#9, U.S. Cities Where You’re Most Likely to Find Love (Richest.com, 2013)
#10, Best Walking Cities in the U.S. (Prevention Magazine, 2008)
#10, America’s Healthiest Cities (BetterDoctor.com, 2013)
#10, Most Beautiful Skyline (Thrillist, 2014)
#10, Best Cities for Beer Drinkers (thechive.com, 2015)
#11, Top Cities for Biotech Venture Funding (Fiercebiotech.com, 2014)
#11, Most Social Networked (mashable.com, 2011) (Per capita Facebook, Twitter, etc.)
#12, Amazing U.S. Cities for Street Art (Mic.com, 2014)
#13, Top LGBT-Friendly Cities in the U.S. (NerdWallet, 2015)
#13, Fittest U.S. Cities (American College of Sports Medicine magazine, 2013)
#16, Top U.S. Cities for Working Women (NerdWallet, 2015)
#16, Top Cities for Global Trade (globaltrademag, 2012)
All in all, my research project was a pleasing surprise. If I knew how to tweet, I might even use the hashtag #HottestCityInAmerica once in a while. Of course, it would be an exaggeration, but it wouldn’t be entirely fraudulent . I still don’t think that the city is as hot as Las Vegas or Miami Beach, but now it seems a lot #Hotter than it used to.
Thursday, July 21, 2016
When I turned on the computer this morning, the calendar blatantly announced that I’m 79 years old today. Even though I knew it in advance, it still came as a shock — like something out of a sci-fi fantasy. If you’ve been watching Wayward Pines on FX, you know that all the characters have woken up in their pods after sleeping for 2000 years. That’s how I feel. The last age that’s firmly in my mind is 44. After that everything else whizzed by, practically overnight, and here I find myself 35 years later. What should I make of that?
I Googled “age 79” to learn more about what to expect. That was a mistake. Twenty-seven of the first 30 hits were news reports about the death of one or another 79-year-old person: Merle Haggard, Antonin Scalia, former Ohio governor George Voinovich, Chinese activist Harry Wu, Jennifer Anniston’s mother, and a variety of lesser-knowns. The three non-death items dealt with life expectancy, joint impairments, and a list of celebrities who have managed to survive for 79 years. Determined to find something positive, I kept reading. After 60 items, I finally reached a life-affirming post, namely, “Mick Jagger Gets Girlfriend Pregnant at Age 79.” This was definitely more encouraging, though the article wasn’t clear if it was Mick or the girlfriend who was 79.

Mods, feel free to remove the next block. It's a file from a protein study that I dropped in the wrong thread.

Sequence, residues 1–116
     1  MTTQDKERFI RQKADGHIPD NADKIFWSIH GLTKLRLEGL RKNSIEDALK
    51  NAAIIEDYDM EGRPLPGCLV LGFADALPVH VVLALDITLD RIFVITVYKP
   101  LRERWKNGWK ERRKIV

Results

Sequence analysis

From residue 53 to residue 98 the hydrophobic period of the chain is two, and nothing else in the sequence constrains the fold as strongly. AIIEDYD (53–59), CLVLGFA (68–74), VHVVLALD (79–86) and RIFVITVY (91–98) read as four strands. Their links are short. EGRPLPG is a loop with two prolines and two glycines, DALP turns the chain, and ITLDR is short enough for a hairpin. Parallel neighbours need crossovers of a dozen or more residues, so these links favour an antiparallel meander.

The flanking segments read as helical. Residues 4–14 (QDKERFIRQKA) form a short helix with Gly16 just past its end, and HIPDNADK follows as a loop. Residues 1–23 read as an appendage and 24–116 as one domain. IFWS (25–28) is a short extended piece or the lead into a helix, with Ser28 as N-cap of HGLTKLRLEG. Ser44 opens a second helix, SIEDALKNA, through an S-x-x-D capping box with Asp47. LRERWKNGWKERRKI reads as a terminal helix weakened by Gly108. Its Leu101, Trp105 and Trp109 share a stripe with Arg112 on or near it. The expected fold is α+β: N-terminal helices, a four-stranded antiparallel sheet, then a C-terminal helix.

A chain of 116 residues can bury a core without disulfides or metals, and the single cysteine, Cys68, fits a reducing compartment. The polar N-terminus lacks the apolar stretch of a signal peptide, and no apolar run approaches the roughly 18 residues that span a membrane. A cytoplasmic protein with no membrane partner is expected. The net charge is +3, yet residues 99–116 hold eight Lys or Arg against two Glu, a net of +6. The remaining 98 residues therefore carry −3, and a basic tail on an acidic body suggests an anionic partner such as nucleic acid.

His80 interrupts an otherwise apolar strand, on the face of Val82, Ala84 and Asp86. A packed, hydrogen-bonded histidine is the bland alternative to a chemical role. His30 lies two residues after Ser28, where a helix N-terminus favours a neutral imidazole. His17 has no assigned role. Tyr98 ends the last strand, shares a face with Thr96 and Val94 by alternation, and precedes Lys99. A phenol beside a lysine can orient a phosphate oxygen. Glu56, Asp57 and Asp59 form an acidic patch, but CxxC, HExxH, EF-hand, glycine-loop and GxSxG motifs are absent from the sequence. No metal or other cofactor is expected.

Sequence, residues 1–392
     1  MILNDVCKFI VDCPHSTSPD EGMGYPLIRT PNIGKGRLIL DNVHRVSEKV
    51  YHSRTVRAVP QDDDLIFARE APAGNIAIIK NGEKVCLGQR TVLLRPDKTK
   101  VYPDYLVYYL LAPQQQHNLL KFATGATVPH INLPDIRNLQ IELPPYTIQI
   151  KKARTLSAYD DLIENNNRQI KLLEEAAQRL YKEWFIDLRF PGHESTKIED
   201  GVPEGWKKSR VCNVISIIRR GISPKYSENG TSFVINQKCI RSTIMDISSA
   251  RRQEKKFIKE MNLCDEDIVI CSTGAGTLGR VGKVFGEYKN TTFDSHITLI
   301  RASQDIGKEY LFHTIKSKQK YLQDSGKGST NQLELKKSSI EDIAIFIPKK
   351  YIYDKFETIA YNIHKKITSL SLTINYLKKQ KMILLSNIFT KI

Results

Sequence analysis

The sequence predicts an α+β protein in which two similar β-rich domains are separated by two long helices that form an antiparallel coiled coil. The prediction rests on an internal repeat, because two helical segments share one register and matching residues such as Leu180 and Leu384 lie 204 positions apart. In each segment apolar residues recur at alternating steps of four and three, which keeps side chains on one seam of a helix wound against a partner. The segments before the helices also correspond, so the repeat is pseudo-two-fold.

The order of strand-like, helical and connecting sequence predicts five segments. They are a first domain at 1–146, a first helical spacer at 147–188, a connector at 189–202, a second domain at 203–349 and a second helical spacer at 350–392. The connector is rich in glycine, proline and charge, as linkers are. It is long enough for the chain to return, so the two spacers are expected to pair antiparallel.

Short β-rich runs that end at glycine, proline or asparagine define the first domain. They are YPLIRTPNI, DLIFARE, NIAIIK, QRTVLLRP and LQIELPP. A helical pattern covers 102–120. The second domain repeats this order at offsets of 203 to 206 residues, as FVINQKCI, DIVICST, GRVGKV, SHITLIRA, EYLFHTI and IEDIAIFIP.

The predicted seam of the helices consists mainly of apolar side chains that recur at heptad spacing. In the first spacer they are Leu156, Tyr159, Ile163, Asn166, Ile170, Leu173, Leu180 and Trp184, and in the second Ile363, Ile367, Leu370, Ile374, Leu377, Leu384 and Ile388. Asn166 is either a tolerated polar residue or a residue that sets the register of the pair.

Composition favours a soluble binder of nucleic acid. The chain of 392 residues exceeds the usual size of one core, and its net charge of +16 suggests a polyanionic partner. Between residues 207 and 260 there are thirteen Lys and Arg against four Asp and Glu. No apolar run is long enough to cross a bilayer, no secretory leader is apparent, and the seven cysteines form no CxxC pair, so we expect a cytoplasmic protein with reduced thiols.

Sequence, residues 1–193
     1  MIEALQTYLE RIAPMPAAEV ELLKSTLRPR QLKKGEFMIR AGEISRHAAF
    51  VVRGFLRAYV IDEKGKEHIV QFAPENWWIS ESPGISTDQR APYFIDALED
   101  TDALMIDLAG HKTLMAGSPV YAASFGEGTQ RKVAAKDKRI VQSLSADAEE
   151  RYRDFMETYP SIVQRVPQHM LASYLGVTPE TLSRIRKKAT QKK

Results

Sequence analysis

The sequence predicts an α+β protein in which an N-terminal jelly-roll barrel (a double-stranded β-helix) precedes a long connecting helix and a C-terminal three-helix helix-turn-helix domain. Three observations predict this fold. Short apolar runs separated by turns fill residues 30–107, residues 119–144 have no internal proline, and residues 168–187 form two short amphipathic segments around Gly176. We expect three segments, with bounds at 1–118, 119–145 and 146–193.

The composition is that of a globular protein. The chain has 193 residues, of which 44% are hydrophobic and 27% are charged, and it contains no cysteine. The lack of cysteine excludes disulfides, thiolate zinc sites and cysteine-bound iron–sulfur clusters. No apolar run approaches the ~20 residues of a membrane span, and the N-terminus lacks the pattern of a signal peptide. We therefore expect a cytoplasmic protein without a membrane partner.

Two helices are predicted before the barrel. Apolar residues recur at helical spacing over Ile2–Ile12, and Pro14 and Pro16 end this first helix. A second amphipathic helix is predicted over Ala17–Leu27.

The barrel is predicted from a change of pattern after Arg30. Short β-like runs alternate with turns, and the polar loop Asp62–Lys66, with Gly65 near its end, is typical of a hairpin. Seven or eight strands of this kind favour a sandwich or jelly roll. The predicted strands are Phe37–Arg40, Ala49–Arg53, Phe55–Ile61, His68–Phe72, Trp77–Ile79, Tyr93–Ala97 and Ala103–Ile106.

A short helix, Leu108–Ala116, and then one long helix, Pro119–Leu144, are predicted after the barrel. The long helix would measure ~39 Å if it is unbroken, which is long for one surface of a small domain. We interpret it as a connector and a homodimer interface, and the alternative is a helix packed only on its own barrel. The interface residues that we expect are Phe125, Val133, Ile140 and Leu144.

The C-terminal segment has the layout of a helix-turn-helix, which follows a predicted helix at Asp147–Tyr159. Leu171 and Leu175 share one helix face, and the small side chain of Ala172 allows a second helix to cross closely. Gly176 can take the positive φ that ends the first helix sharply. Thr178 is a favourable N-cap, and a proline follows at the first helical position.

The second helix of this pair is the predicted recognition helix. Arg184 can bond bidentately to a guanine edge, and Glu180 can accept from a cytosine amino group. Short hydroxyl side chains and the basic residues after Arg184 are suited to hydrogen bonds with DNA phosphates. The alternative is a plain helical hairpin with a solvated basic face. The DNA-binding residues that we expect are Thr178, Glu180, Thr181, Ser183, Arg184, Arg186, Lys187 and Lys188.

The other thing I found out from Google is that, according to USA Today, the average life expectancy in the U.S. these days is 78.8 years. That’s of particular interest to those of us who are celebrating our 79th birthday. We are people have spent our entire lifetimes on the good side of average life expectancy, and now we suddenly have shifted over to the downhill side. This does make for a notable birthday, though it gives one the jitters.
When I reached middle age, I started accumulating a list of famous people who were born in 1937. It made me feel more secure to have a group I am moving along with. Then I started Googling photos of these people to see how they were doing. This was reassuring because these are mostly Hollywood people whose staff members help them appear more youthful than they really are. Here is how my 1937 age-mates are looking these days.
Colin Powell (born Apr. 5, 1937), Heart symposium, McLean, VA, Apr. 15, 2016
Sally Kellerman (born June 2, 1937), Los Angeles LGBT gala, Nov. 2015
Warren Beatty (born Mar. 30, 1937), Cinema awards show, Apr. 12, 2016
Dyan Cannon (born Jan. 4, 1937), L.A. art show, Jan. 28, 2016
Morgan Freeman (born June 1, 1937), Academy Awards, Feb. 16, 2016
Jo Anne Worley (born Sept. 6, 1937), Film screening, May 9, 2016
Sir Anthony Hopkins (born Dec. 31, 1937), Interview, Jan., 2016
Loretta Swit (born Nov. 4, 1937), Interview, Feb., 2016
Dustin Hoffman (born Aug. 8, 1937), NYC theater opening, Mar. 2, 2016
Roberta Flack (born Feb. 10, 1937), Feb. 10, 2016
Jack Nicholson (born Apr. 22, 1937), L.A. Lakers game, Mar., 2016
Jane Fonda (born Dec. 21, 1937), Golden Globes, Jan., 2016
By and large, it looks like 79 isn’t a complete catastrophe. That’s especially true for Jane Fonda who hasn’t changed one iota in the last four decades. Given that the last age I remember is in my forties, I have to say that my late seventies don’t seem dramatically different. It is true that my hearing is poorer, my close-up vision is erratic, and it’s harder to figure out who the murderer is in Masterpiece Mystery. On the other hand, I exercise more, eat healthier food, and experience much less stress than during my turbulent work years. In some ways, life is better these days — more relaxed, more free, more pleasurable.